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Harlan Ellison

Posted: June 29th, 2018, 12:34 am
by Bill Mullins
The news spread today that Harlan Ellison has passed away. Normally, I wouldn't make note of such here unless I could note a magic connection. But he was such an important writer that I'll do it anyway.

He's known for writing what many consider to be the best Star Trek episode, "City on the Edge of Forever" (the one where Kirk kills Alexis Carrington on the streets of Mayberry). But he also wrote what is my favorite Twilight Zone episode, from the 1985 revival: "Paladin of the Lost Hour", with Danny Kaye.

He started writing Science Fiction at the tail end of the pulp era, and may have been the last living writer from the classic EC Comics. He joined a gang for a while, and used the experience to write a novel about juvenile delinquents. He moved to Hollywood and wrote for TV, but chafed at the collaborative process. There's a great story about him a script conference, and during the meeting, he takes out a pistol and disassembles and cleans it, but never says a word about what he's doing, just to keep the producer off balance. He wrote two excellent volumes of TV criticism (The Glass Teat and The Other Glass Teat).

But what he was best at was short speculative fiction. He won 4 Hugos for Best Short Story (no one else has more than 3). He also has won Edgar Awards (from the Mystery Writers of America, co-founded by Clayton Rawson), Nebulas, World Fantasy Awards, and Writers Guild awards. He wrote more than 1700 stories. Not all of them noteworthy, but more than a few were amazing.

I've been reading his stories for more than 40 years. It's sad to know there won't be any more.

Re: Harlan Ellison

Posted: June 29th, 2018, 6:26 am
by Daniel Z
and that memorable ep of Twilight Zone was directed by none other than the great Alan Smithee.

Re: Harlan Ellison

Posted: June 29th, 2018, 8:00 am
by Bob Farmer
I was a big fan of his writing and editing, especially the Dangerous Visions books.

Re: Harlan Ellison

Posted: June 29th, 2018, 8:01 am
by Bob Farmer
Alan Smithee has received credit for many movies and TV shows. A true auteur, his life's work could bear no other name being that his stuff is so bad. It's amazing he continued to get work.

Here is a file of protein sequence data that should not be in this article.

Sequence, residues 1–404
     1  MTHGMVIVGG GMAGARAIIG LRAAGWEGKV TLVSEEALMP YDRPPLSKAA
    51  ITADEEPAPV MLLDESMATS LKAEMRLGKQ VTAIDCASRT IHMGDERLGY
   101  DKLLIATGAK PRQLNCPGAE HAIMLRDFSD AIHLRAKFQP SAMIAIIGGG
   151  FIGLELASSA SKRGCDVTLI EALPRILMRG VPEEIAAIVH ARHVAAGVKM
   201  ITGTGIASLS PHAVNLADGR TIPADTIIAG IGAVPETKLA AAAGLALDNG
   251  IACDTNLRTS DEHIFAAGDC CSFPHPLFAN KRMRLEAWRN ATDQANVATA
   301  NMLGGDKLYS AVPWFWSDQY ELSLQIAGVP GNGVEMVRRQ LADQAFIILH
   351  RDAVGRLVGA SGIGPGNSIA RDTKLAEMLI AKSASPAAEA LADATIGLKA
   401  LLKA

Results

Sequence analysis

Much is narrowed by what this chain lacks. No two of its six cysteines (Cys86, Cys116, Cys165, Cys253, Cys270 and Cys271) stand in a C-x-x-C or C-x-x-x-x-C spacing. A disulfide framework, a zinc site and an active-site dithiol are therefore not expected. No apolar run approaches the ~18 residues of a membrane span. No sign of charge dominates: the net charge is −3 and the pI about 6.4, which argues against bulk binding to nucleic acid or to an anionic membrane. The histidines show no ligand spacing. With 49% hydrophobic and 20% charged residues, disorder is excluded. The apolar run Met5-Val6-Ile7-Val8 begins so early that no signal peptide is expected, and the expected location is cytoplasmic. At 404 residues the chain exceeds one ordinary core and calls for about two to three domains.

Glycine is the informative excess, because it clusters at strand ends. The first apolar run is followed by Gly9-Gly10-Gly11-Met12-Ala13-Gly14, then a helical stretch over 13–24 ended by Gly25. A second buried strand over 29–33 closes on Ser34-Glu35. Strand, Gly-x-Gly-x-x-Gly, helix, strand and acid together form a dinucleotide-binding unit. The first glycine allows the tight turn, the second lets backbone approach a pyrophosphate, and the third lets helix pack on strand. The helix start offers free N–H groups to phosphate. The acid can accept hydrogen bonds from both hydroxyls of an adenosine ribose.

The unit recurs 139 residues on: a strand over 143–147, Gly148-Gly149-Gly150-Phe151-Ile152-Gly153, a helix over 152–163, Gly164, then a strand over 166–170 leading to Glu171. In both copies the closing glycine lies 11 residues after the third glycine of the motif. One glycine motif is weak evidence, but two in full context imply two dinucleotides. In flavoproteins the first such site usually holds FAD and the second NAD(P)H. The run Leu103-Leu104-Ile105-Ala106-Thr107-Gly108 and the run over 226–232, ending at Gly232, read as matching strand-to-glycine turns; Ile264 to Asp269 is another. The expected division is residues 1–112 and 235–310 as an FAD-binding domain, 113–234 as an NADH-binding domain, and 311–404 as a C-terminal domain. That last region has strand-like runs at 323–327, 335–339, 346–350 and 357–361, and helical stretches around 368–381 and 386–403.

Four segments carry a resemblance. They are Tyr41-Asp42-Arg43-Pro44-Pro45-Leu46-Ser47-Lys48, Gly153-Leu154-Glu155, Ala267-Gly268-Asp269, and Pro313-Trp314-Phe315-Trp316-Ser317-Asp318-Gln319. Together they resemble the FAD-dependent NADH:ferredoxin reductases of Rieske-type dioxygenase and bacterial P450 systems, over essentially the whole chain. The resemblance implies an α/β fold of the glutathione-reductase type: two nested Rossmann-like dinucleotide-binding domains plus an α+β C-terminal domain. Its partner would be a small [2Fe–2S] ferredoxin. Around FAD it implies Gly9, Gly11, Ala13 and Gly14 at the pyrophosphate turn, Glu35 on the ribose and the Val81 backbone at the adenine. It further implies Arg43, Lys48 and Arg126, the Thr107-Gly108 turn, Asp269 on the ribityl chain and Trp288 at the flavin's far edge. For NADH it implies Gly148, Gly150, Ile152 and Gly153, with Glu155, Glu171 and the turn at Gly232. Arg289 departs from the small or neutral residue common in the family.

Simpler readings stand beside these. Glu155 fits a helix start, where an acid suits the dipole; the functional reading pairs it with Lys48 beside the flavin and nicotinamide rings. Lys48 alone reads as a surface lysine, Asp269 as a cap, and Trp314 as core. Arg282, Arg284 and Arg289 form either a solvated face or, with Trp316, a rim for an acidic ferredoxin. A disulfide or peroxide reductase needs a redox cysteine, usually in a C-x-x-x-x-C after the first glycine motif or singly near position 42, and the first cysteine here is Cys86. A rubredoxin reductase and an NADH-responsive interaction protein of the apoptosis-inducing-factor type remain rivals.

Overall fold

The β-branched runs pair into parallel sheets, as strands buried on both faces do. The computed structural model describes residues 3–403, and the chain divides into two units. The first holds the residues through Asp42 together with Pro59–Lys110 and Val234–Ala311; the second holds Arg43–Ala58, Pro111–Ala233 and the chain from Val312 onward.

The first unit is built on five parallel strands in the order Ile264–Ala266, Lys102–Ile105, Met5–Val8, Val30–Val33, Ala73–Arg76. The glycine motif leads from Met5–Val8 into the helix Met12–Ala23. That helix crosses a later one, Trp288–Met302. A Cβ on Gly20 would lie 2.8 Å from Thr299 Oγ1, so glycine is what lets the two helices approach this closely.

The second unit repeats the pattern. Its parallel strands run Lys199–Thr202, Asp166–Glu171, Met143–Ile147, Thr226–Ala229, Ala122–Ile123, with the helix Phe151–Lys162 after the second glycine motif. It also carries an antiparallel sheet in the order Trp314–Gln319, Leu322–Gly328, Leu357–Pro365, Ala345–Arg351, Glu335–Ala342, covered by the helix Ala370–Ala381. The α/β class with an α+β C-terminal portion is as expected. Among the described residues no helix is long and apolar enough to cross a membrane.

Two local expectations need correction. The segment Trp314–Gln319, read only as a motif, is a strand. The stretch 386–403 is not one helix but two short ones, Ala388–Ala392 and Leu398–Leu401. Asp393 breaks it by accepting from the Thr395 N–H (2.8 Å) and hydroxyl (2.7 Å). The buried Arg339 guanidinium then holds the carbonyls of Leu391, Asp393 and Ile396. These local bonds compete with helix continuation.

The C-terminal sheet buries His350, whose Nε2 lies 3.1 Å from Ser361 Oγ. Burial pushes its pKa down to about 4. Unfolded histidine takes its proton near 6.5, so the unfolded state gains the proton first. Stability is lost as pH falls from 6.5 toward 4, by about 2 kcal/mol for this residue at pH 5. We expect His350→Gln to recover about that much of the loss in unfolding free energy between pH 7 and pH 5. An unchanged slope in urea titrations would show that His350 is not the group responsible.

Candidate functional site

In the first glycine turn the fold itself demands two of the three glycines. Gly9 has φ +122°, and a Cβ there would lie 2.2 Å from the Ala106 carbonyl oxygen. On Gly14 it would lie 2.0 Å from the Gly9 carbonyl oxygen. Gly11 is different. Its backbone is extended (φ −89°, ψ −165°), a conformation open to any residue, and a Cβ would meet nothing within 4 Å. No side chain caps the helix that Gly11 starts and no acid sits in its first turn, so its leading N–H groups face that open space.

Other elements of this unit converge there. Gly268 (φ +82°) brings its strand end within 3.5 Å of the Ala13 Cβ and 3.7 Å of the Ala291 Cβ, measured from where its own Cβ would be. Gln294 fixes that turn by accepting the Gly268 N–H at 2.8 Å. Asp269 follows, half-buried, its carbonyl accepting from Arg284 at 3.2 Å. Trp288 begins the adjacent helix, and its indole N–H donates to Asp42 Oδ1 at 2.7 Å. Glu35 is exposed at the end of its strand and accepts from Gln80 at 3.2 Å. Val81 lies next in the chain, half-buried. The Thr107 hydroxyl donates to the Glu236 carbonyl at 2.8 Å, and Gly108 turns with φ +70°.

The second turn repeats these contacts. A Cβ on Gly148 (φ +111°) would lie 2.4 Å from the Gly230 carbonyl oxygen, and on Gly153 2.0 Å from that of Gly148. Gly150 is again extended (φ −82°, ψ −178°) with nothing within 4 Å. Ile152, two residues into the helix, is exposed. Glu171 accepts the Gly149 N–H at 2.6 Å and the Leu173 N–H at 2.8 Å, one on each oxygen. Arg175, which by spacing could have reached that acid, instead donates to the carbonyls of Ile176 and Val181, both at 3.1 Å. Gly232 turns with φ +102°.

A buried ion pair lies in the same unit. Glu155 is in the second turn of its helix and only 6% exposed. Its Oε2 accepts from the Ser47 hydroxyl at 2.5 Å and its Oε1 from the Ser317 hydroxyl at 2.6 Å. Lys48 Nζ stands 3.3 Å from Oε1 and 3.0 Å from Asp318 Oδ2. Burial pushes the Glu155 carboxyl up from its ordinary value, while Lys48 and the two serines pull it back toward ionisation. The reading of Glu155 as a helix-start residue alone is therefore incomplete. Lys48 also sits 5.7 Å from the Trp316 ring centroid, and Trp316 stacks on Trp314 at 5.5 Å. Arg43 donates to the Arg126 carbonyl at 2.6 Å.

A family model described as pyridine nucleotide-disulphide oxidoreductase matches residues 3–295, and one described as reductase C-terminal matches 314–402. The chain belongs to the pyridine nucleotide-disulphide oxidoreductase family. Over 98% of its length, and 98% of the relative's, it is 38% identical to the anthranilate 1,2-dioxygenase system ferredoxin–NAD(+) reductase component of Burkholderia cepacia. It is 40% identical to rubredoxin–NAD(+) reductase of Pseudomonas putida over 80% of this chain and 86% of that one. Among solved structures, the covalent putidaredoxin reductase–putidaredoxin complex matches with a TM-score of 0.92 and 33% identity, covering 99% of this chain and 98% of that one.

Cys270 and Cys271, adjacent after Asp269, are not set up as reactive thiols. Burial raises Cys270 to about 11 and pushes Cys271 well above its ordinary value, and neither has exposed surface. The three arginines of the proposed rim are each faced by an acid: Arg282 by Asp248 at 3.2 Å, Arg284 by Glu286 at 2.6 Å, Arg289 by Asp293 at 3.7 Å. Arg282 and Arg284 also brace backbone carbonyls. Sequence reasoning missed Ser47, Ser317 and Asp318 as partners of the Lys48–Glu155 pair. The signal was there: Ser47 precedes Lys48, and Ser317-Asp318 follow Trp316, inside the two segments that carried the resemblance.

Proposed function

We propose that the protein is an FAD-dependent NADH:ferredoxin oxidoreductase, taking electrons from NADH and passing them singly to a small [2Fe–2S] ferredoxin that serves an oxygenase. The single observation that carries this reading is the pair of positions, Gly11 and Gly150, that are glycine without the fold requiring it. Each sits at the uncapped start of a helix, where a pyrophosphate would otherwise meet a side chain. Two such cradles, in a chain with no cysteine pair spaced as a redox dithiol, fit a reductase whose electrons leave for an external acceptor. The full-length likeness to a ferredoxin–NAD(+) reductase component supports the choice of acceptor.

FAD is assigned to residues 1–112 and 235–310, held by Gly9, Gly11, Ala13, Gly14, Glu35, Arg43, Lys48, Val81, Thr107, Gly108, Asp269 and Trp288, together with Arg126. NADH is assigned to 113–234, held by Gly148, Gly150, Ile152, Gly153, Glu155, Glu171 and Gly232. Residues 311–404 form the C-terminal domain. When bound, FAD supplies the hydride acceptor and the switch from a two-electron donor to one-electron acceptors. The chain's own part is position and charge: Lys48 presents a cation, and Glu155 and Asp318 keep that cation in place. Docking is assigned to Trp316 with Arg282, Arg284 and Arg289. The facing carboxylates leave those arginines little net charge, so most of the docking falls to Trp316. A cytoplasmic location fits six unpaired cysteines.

Re: Harlan Ellison

Posted: June 29th, 2018, 12:03 pm
by Tom Frame
What a shame. I've been a big fan of his work since the 70's.

I used to own an album of his on which he read "Shatterday" and "Repent Harlequin Said the Tick-Tock Man." Unfortunately, it mysteriously vanished.

He also wrote the cool, wacky "A Boy and His Dog." It was turned into a film starring the nearly pubescent Don Johnson. The gruff, scruffy dog had the best lines and was the highlight of the film.

Re: Harlan Ellison

Posted: June 29th, 2018, 2:39 pm
by erdnasephile
In addition to the Harlan Ellison works mentioned, I always liked this one too:

Re: Harlan Ellison

Posted: June 29th, 2018, 10:16 pm
by Bill Duncan
Ok, this is my new favorite quote.

Is he dead?

Yes. His is dead.
Do you have... the moist... cloth?

Re: Harlan Ellison

Posted: July 3rd, 2018, 7:41 pm
by erdnasephile
While reading Bill's link to Mark Evanier's tribute to Brian Gillis, I spotted the following Harlan Ellison story: ... son-story/

(If you have not read the Detective Comics issue referenced in the anecdote, I'd recommend hunting it down--it's great!)

Re: Harlan Ellison

Posted: July 4th, 2018, 8:13 am
by Richard Stokes
I remember a short story 'Croatoan' where an aborted human foetus is flushed down a toilet in New York (?) or somewhere similar. This primeval organism somehow survives in the underground sewers and gradually grows into a deadly monster with a thirst for human blood.
A macabre re-working of the 'baby alligator' urban legend.

Re: Harlan Ellison

Posted: July 4th, 2018, 8:25 pm
by Doomo
Sorry but your Croatoan description is way wrong! It was NOT a horror story. There were aborted fetuses and they rode sewer gators. But other than that I won't give more details! Read the story again. Strange Wine collection.